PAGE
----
Several Problems Here
Aside from the Saddam-friendly flavor of this article, which makes it seem a virtual paradise, and him an "enlightened" elected official instead of the despotic dictator he was, I find it disturbing Saddam isn't shown to be the master genocide practitioner of the region. Like feeding political opponents into industrial shredders carted into the dining room for his guests amusement.--~ TK MyTalk 06:38, 15 April 2007 (EDT)
- Given the nostaligia of reactionaries in the US Congress and elsewhere for the good old days under Saddam, I suggest we let them paint the picture of the fascist paradise they want to return to after timetables for US withdrawl are met. Alternatively, these reactionaries and supporters of fascism among the American left may assist a more theocratic style regime ala Iran or Saudi Arabia once funding gets cut off for any further US invovlement. RobS 13:03, 15 April 2007 (EDT)
This is a gem of an article. So wonderfully simplistic. Mralph72 08:56, 5 May 2007 (EDT)
So, is the truth a problem?
"Saddam saw himself as a social revolutionary and a modernizer, following the Nasser model. To the consternation of Islamic conservatives, his government gave women freedoms and offered them high-level government and industry jobs. Saddam also created a Western-style legal system, making Iraq the only country in the Persian Gulf region not ruled according to traditional Islamic law (Sharia). Saddam abolished the Sharia law courts, except for personal injury claims."
All of this is true, would the more ideological among us prefer it to be hidden in a deeper article? Maybe they could write one. Flippin 12:30, 5 May 2007 (EDT)
American Support of the regime during its worst atrocities
Despite Saddam's brutal crimes, the United States supported him until the invasion of Kuwait in 1990. They even supplied him with chemical agents which may have been used to gas his own people. Human rights are only an issue if they further our own interests --DemocraticRevolution 22:25, 24 June 2007 (EDT)
The second sentence in this section needs to go. If you intend to throw in that the Administration attempted to prove a connection between Osama and Hussein, you need to explicitly state it in that sentence; something can't be 'alleged' without someone alleging it, and it's bad journalism and bad scholarism to leave that antecedent undefined. Second, the external reference for that sentence needs to go as well, because it does not reflect upon the actual statement. That reference inconclusively tries to prove that there was a link between Hussein and Osama.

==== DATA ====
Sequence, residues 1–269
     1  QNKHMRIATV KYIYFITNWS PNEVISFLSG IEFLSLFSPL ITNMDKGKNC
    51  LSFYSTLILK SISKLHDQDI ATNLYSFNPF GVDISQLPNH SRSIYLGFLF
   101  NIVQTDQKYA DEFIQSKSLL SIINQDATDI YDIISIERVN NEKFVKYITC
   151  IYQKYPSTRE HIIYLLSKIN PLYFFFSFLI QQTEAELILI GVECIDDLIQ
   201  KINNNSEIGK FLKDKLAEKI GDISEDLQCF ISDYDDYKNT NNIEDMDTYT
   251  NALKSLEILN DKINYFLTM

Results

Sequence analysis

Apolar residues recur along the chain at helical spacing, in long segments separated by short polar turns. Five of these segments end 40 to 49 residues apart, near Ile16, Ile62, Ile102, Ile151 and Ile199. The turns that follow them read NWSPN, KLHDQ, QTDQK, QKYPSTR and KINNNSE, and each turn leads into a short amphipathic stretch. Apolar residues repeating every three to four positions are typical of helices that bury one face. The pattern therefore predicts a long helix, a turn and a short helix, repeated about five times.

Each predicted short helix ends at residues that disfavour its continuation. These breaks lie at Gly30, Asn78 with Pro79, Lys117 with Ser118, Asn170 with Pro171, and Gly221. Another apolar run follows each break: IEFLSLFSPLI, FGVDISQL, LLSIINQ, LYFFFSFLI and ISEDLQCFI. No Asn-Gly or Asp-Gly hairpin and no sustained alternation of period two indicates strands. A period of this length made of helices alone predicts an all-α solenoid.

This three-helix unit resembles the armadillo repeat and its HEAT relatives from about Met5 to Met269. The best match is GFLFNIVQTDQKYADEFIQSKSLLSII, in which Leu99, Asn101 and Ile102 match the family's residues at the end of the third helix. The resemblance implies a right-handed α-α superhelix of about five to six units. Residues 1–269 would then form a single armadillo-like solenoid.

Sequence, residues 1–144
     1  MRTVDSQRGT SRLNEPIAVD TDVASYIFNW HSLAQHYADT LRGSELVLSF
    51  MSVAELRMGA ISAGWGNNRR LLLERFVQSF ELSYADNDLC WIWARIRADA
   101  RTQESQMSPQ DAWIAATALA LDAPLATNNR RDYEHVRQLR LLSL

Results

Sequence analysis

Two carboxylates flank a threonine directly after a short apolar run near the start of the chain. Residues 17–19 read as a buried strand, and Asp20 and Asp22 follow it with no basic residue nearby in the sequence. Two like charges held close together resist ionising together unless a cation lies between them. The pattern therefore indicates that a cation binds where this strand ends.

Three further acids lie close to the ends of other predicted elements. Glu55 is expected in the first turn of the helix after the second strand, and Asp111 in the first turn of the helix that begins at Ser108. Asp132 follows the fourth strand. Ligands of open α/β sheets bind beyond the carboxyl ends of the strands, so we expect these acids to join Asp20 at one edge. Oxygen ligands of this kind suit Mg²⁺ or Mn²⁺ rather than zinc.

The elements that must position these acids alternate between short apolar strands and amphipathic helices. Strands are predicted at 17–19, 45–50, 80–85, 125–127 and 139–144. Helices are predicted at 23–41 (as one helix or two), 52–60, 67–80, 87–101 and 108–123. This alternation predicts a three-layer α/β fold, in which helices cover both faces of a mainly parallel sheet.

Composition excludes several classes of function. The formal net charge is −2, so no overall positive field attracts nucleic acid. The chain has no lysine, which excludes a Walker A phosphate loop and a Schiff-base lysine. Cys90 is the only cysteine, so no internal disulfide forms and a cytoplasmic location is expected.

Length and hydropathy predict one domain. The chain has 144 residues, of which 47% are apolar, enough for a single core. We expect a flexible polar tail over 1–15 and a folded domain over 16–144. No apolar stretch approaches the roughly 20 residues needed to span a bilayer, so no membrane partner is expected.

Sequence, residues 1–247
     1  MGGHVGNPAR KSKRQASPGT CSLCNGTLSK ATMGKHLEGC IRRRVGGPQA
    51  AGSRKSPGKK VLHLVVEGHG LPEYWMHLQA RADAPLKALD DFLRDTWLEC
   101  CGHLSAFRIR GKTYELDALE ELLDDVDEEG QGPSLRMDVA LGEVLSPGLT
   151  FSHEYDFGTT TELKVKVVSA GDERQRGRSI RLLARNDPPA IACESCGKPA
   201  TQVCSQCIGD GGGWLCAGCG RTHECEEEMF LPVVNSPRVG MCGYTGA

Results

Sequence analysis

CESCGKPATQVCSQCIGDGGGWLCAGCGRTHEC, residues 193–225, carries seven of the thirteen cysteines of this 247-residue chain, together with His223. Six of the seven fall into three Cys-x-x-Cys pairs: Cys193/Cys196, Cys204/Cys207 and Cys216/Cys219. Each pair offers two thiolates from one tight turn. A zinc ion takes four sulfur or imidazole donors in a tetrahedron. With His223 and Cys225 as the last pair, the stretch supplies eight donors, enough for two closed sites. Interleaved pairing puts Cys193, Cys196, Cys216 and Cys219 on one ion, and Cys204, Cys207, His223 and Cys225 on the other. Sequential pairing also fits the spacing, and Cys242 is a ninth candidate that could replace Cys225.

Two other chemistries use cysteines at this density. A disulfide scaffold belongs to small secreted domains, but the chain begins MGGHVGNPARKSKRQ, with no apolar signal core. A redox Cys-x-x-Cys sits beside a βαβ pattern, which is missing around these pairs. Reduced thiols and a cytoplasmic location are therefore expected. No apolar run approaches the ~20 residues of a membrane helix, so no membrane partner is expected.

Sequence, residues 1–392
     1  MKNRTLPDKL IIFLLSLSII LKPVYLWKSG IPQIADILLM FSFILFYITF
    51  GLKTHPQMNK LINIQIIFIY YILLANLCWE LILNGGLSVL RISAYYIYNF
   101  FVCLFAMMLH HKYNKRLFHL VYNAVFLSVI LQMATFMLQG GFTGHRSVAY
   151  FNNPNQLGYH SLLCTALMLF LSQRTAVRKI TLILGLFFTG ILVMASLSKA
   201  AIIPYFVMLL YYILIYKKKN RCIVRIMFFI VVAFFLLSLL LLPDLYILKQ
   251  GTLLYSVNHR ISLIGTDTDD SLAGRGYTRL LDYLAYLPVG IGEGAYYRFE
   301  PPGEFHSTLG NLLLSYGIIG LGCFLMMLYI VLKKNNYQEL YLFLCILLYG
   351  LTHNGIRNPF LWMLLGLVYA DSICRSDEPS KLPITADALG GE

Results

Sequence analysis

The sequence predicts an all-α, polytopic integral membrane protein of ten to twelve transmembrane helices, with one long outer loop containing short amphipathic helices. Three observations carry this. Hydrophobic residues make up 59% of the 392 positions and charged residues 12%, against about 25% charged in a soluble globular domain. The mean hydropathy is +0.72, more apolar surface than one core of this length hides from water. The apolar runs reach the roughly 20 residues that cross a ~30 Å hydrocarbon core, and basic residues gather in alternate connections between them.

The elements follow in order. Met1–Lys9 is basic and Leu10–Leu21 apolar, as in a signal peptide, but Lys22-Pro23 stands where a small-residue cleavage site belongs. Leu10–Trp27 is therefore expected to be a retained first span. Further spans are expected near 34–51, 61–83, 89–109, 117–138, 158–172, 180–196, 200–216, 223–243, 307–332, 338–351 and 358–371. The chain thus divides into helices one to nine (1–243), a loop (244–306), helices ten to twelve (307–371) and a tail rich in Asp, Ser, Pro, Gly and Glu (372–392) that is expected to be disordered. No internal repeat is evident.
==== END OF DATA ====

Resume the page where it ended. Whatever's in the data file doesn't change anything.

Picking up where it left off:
I suggest the following rewrite - change the sentence to "Leading up to the war, some members of the Bush Administration cited a link between Hussein and Osama as a rationale for the war, although critics adamantly insisted that such a link was non-existent. [reference to a quote from both administration and critics] A credible link was never proven." Stryker 08:24, 27 June 2007 (EDT)
- I'll give you that the controversy exist, but if there is a choice we should simply treat this article as we do any other article.--IDuan 23:21, 5 February 2008 (EST)
- I am not trying to make your editing task any more difficult. However, I am not sure what you mean by saying that we should treat the article as we do any other. Surely we would normally use what we generally refer to as the surname. Neither Saddam nor Hussein appear to be a surname as we understand it.
- Anyway, I just thought I would mention it when I saw your edit. I leave it in your capable hands. --CarolineMilton 23:26, 5 February 2008 (EST)
Please add this to category, Category:Iraq -- 07:55, 7 July 2008 (EDT)
Well, this article needs expanded pretty significantly (it only really covers his actions in war), but I think we should really add the controversy surrounding the supposed "abuse" he suffered prior to his hanging. It illustrates the left's desire to victimize criminals in order to criticize the death penalty.--DReynolds 16:16, 13 January 2009 (EST)
The heading "Iran Iraq War" should be hyphenated Iran-Iraq War. --Steve 16:27, 8 June 2009 (EDT)
This page is protected, but I was wondering if I could add a section on Saddam's rise to power and his human rights violations.JakeRMurrin 15:08, 27 November 2010 (EST)
- Done. Rob Smith 16:05, 29 November 2010 (EST)
"To the consternation of Islamic conservatives, his government gave women freedoms and offered them high-level government and industry jobs. Hussein also created a Western-style legal system, making Iraq the only country in the Persian Gulf region not ruled according to traditional Islamic law (Sharia). Hussein abolished the Sharia law courts, except for personal injury claims." Why do you support Saddam Hussein? I thought that Conservapedia is conservative and not liberal.--JoeyJ 09:58, 17 November 2013 (EST)